Jordanian MP proposes alcohol ban and clampdown on breweries in the country

By Tingmin Koe contact

- Last updated on GMT

A Jordanian MP has proposed a ban on alcohol consumption and production in the country. ©Getty Images
A Jordanian MP has proposed a ban on alcohol consumption and production in the country. ©Getty Images

Related tags: Alcohol, ban, spirits, Beer, Wine

Jordanian Member of Parliament Ahmad al-Raqab has suggested that the government ban alcohol in Jordan.

The MP argued that “alcohol is forbidden in Islam”​ and thus, allowing breweries to make alcohol in Jordan was against their religion, local media Roya News reported.

He also demanded that the cabinet answer a series of questions relating to the sale of alcohol, such as 1) the number of liquor stores, hotels, and restaurants that are licensed to sell alcohol, 2) the authority in charge of licensing, and 3) the conditions needed to gain a license.

At present, the sale of alcohol is permitted in independent bars, restaurants, hotels, and liquor stores. The legal minimum age for drinking is 18, and an identity card must be shown when ordering or purchasing alcohol.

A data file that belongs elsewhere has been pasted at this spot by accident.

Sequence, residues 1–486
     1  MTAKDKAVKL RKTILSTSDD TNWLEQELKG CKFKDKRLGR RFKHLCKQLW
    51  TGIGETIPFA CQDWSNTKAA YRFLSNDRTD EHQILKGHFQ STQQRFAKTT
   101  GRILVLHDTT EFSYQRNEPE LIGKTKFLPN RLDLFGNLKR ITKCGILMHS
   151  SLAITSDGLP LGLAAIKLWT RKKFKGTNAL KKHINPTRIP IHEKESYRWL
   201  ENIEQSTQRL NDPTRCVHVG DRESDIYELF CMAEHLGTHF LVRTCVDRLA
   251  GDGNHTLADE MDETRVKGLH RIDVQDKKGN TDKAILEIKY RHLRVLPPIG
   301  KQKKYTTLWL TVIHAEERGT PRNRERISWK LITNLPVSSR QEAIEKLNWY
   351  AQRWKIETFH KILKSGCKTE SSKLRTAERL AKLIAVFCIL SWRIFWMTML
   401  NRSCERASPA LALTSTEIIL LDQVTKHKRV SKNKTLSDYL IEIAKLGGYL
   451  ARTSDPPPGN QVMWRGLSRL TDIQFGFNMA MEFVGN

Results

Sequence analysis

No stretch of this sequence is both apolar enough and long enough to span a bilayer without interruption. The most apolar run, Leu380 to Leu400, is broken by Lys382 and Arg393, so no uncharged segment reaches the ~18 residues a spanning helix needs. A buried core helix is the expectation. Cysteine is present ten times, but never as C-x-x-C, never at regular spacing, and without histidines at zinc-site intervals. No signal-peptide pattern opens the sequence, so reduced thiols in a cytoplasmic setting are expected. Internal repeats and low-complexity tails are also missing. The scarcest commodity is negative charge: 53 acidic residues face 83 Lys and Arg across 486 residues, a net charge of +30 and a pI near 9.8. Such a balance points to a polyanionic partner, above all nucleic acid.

As of 2010, spirits were the most consumed type of alcohol (75%) in Jordan, followed by beer (23%), wine (2%), and others (1%), data​ from the World Health Organisation (WHO) has shown.

Cases of alcohol ban

While alcohol is currently allowed to be produced, sold and consumed in Jordan, certain alcoholic drinks have been banned in the country due to religious concerns.

Last year, Jordanian customs banned a shipment from Palestine of the alcoholic spirit Arak, as it was branded as 'Ramallah', which consists of the term 'Allah' — the name of God, according to Muslims. 

'Ramallah' actually refers to a city in the occupied West Bank.

The spirit was banned after the General Ifta Islamic department stated that the brand name offended the holy name of God.

Regional alcohol ban

Iran, Iraq, Kuwait, and Saudi Arabia are some of the Middle East countries that have implemented an alcohol ban.

Nonetheless, cases of illegal alcohol consumption are widespread in certain places, and there have been incidences of people dying from drinking smuggled alcohol.

For instance, a poisonous batch of bootleg alcohol killed at least 42 people in Iran earlier this month, according to the country’s Health Ministry spokesman Iraj Harirchi. At least 16 went blind and 170 others had to undergo dialysis. In total, 460 people were hospitalised.

The local police then raided an underground distillery suspected of producing the poisonous drink and arrested 31 people.

The source of poison remains unknown. In the past, Iranian authorities had pointed to high levels of methanol as the source of contamination.

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